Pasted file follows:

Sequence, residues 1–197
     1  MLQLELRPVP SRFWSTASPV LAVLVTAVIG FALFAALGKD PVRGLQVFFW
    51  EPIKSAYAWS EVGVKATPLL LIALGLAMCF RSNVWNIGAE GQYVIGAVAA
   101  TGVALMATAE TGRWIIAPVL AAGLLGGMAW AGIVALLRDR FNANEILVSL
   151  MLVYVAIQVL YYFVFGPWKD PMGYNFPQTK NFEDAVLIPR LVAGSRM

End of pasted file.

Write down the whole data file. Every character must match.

Sequence, residues 1–197
     1  MLQLELRPVP SRFWSTASPV LAVLVTAVIG FALFAALGKD PVRGLQVFFW
    51  EPIKSAYAWS EVGVKATPLL LIALGLAMCF RSNVWNIGAE GQYVIGAVAA
   101  TGVALMATAE TGRWIIAPVL AAGLLGGMAW AGIVALLRDR FNANEILVSL
   151  MLVYVAIQVL YYFVFGPWKD PMGYNFPQTK NFEDAVLIPR LVAGSRM